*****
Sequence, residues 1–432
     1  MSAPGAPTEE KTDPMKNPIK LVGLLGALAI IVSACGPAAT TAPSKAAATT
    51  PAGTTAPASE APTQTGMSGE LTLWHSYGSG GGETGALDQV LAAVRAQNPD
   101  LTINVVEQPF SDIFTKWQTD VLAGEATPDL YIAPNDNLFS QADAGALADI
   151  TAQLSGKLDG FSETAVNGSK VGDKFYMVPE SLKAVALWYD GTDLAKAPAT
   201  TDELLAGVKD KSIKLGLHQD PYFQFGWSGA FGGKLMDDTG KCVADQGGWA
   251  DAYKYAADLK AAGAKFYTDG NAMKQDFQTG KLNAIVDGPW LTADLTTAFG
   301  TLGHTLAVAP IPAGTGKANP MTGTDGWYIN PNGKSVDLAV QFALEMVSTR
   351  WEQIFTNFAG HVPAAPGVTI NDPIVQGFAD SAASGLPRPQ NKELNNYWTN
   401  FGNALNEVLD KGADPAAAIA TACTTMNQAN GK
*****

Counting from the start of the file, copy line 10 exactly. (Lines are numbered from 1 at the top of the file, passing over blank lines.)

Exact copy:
   401  FGNALNEVLD KGADPAAAIA TACTTMNQAN GK